Interesting view of high society in the 18th Century in England. An outraged husband sues the man who has eloped with his wife. The suit is for the ruinous sum of L20,000 but the jury awards only a shilling. His wife had counterattacked by giving the defense names of her previous lovers and letting the attorney assert that her husband had been complicit in the loss of his wife's virtue.
  ritaer | Dec 18, 2013 |
There is a scene in Hallie Rubenhold’s fabulous biography of a divorce scandal that will stay with the reader for ages. During Christmas and New Year 1778-79 young Seymour, Lady Worsley, accompanied by two unmarried female friends, trashed Harewood House in Yorkshire throwing ‘the gentlemen’s cloaths out of the windows particularly their breeches thinking them ... unnecessary’. They went on to wreck havoc in a local inn and then called at a neighbour’s country house and ‘broke open his library, threw all his books about, and ... took away a pocket book full of Bank Notes’. Such an outbreak is still shocking but it is disturbing now from the suspicion that what was going on here was frustration and misery of women trapped in an antithetical age.

Lady Worsley's story was perhaps inevitable as she was married to a dull, pedantic husband and so she eloped with a lover, her ‘Scoundrel Paramour’, and Sir Richard sued him for criminal conversation. The action was not a success as Lady Worsley came up with a version of events as clever as anything done by Houdini. The lives of the participants after such a scandal – the newspapers and caricaturists delighted in every lurid detail – were fascinating and disturbing. Seymour became a free-thinking woman of pleasure desperate for money (she had originally been a wealthy heiress but her husband controlled her money during his life) while Sir Richard became a manic collector and truly and nastily misanthropic. Neither are really pleasant human beings, but as Jane Austen said of Queen Caroline, “Poor woman, I shall support her as long as I can, because she is a Woman and because I hate her Husband." This is a fascinating book, fizzing with research and stories and as gripping now as when amazed people queued to hear what was being revealed in the King’s Bench.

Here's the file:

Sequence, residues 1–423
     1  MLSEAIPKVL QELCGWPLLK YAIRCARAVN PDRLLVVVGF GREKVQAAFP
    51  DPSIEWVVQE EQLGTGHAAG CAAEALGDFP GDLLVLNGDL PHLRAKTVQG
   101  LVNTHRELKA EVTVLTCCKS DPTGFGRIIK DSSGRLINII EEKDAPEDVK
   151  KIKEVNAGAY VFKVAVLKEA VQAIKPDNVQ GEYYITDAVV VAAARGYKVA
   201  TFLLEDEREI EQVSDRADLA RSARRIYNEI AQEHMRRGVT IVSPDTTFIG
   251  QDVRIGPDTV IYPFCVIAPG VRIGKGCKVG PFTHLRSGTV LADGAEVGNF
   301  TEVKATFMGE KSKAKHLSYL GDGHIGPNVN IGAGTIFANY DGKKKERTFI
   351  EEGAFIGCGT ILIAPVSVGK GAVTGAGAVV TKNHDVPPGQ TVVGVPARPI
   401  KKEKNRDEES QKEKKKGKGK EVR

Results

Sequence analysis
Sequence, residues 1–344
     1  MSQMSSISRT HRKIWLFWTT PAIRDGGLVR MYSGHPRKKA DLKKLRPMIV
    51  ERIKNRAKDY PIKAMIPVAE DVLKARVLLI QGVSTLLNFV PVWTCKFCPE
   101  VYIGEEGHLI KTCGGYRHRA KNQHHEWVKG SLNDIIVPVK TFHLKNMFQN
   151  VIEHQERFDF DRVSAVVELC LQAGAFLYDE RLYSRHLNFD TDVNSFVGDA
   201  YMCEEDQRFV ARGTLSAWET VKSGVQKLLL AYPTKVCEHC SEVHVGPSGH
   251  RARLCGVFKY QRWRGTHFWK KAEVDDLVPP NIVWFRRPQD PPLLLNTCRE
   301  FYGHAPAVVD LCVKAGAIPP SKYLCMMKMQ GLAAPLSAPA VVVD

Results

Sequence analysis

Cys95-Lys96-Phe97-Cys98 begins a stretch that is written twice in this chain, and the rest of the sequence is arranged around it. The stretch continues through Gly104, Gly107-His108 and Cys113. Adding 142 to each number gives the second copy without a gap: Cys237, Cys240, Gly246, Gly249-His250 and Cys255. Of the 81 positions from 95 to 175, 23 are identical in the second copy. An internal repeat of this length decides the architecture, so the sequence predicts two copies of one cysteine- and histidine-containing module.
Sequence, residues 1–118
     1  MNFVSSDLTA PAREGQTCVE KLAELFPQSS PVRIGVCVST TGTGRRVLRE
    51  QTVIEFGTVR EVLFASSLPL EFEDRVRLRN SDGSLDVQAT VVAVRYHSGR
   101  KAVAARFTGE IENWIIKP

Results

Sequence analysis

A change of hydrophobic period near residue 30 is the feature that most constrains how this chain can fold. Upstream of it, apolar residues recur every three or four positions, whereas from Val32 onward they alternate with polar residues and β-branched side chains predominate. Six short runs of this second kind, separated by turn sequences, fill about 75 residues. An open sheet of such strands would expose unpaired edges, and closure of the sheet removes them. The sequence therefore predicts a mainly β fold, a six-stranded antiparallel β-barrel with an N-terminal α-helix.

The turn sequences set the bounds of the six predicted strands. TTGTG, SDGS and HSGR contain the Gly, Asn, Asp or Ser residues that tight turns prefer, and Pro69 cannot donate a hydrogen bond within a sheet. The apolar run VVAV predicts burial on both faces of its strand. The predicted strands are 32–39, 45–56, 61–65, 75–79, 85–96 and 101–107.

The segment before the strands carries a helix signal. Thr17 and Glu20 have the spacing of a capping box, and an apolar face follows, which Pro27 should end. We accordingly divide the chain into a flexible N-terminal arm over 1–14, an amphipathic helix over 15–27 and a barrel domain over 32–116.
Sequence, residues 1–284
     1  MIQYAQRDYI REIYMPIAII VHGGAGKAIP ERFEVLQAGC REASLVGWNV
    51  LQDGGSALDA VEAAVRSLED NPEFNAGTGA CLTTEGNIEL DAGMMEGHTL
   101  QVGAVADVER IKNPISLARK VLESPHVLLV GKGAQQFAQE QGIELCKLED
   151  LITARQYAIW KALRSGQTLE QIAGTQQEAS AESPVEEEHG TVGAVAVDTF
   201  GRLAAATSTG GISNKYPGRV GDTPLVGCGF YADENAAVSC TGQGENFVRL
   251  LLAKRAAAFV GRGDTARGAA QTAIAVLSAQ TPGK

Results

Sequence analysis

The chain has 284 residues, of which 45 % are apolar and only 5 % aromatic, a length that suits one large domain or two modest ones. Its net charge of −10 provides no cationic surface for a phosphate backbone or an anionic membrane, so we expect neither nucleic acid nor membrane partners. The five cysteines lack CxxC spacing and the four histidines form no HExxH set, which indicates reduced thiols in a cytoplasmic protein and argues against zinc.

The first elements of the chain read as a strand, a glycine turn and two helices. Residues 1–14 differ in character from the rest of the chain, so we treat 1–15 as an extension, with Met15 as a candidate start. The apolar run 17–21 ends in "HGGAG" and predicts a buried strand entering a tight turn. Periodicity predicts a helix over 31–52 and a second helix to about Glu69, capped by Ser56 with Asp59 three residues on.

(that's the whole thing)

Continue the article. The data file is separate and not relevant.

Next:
Sarahursula | May 4, 2013 |
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In February 1782, England opened its newspapers to read the details of Sir Richard and Lady Worsleys' scandalous sexual arrangements, voyeuristic tendencies, and bed-hopping antics. This lively true history presents a rarely seen picture of aristocratic life in the Georgian era.